Seasonal Science Stories: Using the Calendar as Your News Hook

Detail from poster for "Santa Claus Conquers the Martians" (1964). Artist unknown. Retrieved from Wikimedia Commons. Click on image to link to full poster.
Detail from poster for “Santa Claus Conquers the Martians” (1964). Artist unknown. Retrieved from Wikimedia Commons. Click on image to link to full poster.

Reporters and bloggers write in a variety of styles for a variety of audiences, but one of the things that every blog post or news item needs to do is explain to readers why the writer is telling this story now. What’s the news hook? Continue reading “Seasonal Science Stories: Using the Calendar as Your News Hook”

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Science Blogging and Citations

Photo credit: North Carolina State University
Photo credit: North Carolina State University

Paige Brown Jarreau, author of the SciLogs blog From The Lab Bench, recently wrote a lengthy post on the science of science blogging. The post included a lengthy list of related journal articles, and one of them caught my eye: “Do blog citations correlate with a higher number of future citations?” With Paige’s blessing, I decided to unpack that particular paper a bit. Continue reading “Science Blogging and Citations”

Science Blogging for Institutions: Your Virtual Roundup of the ScienceWriters2014 #OrgBlog Session

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Editor’s note: This is a guest post by Rachel Ewing, a science and health news officer at Drexel University. Ewing is the organizer and moderator of a session called “Science Blogging for Institutions: How to Make Your #OrgBlog the Best it Can Be” at the National Association of Science Writers annual conference. Continue reading “Science Blogging for Institutions: Your Virtual Roundup of the ScienceWriters2014 #OrgBlog Session”

Readable, Accurate and Engaging: an Interview with Terry Devitt

Image courtesy of The Why Files.
Image courtesy of The Why Files.

Off the top of my head, I can list dozens of websites that offer readers science news. But in 1996, there were very few websites devoted exclusively to sharing high-quality science writing. One of the first sites to step into that niche was The Why Files, and it’s still cranking out stories almost two decades later. Continue reading “Readable, Accurate and Engaging: an Interview with Terry Devitt”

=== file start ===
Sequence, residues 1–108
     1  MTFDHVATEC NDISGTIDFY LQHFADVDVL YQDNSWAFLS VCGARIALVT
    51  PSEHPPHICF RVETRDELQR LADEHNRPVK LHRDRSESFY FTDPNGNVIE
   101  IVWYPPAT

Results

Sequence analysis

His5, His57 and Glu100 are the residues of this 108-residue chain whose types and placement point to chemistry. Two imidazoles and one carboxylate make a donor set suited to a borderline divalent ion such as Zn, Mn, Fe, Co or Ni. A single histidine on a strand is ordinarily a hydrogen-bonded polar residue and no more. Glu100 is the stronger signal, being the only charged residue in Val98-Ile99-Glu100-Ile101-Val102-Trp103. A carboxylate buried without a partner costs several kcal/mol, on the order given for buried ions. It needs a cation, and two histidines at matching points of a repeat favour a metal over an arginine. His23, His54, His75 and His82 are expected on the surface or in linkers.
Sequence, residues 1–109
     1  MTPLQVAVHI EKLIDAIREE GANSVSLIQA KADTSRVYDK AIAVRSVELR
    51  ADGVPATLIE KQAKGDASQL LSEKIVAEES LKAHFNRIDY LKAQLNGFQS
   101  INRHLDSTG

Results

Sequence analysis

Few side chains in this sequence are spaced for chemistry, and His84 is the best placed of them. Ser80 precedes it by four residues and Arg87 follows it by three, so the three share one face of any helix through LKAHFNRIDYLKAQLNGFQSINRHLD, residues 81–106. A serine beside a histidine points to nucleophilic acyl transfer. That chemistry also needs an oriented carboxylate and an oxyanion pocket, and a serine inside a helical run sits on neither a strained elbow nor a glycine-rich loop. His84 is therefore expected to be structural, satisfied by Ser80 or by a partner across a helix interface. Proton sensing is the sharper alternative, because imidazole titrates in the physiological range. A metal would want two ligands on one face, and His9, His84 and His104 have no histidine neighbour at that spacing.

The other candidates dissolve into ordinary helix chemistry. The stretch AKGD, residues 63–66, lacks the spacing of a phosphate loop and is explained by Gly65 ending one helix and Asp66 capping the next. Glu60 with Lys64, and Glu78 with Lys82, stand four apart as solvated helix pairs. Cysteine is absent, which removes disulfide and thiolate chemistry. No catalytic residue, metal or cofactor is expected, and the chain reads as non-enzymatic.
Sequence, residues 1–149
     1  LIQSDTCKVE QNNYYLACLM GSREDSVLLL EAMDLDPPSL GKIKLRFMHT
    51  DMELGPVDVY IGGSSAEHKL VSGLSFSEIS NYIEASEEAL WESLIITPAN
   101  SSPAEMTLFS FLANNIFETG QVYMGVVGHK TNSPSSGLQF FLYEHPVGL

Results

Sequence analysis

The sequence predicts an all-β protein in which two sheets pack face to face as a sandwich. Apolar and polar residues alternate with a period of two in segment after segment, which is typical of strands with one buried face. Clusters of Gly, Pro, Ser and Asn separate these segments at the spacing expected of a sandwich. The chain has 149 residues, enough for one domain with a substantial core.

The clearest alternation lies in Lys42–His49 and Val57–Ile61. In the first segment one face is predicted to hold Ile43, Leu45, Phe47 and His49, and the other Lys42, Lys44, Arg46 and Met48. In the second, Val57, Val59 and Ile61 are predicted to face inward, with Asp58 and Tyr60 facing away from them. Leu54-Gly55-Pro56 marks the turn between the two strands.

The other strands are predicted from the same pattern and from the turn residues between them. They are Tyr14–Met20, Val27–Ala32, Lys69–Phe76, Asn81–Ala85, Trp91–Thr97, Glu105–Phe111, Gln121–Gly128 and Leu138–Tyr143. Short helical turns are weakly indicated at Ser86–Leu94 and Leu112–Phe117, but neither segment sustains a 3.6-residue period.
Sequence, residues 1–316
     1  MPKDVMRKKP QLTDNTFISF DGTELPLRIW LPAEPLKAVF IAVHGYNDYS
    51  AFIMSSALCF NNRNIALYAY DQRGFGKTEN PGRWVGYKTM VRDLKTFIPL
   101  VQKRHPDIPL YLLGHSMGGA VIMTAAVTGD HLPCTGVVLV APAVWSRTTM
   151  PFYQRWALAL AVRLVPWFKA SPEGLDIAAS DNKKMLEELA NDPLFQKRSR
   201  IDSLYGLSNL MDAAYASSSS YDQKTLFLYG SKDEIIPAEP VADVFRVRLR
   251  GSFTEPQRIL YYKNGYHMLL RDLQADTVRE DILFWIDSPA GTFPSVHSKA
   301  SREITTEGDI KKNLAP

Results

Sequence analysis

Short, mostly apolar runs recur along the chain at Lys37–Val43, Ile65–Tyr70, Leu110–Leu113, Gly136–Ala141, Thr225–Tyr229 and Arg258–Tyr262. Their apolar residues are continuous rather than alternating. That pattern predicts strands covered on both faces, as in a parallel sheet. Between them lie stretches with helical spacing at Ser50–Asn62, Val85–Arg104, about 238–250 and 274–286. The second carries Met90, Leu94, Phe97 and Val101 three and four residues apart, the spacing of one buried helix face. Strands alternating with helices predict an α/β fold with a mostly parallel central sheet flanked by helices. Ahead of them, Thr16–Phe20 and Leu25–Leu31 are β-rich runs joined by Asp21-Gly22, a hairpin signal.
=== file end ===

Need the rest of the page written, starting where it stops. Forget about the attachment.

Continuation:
Choosing Between Blog Posts and News Releases

LEFT: Greenhouse camel cricket (Diestrammena asynamora). Photo credit: Lauren Nichols, YourWildlife.org. RIGHT: Demodex folliculorum. Image credit: USDA, Confocal and Electron Microscopy Unit.
LEFT: Greenhouse camel cricket (Diestrammena asynamora). Photo credit: Lauren Nichols, YourWildlife.org. RIGHT: Demodex folliculorum. Image credit: USDA, Confocal and Electron Microscopy Unit.

In my day job, I’m a public information officer (PIO) at NC State University. Part of my job is to pitch research stories to reporters, and two of the tools I use when pitching stories are blog posts and news releases. This post discusses two examples that shed some light on how I decide which tool to use. Continue reading “Choosing Between Blog Posts and News Releases”

Institutional Blogging: Do You Really Want To Do This?

So you want to start a blog... (Photo credit: Osorio family album, via Wikimedia commons.)
So you want to start a blog… (Photo credit: Osorio family album, via Wikimedia commons.)

Someone where you work (maybe it’s you), says: “Maybe we should start a blog.” Why not? Lots of people have blogs, and some of them are really popular. So maybe your office should start a blog about all of the stuff going on at your university, research lab, department, or whatever. After all, you’re doing stuff that’s really cool and you want people to know about it. Continue reading “Institutional Blogging: Do You Really Want To Do This?”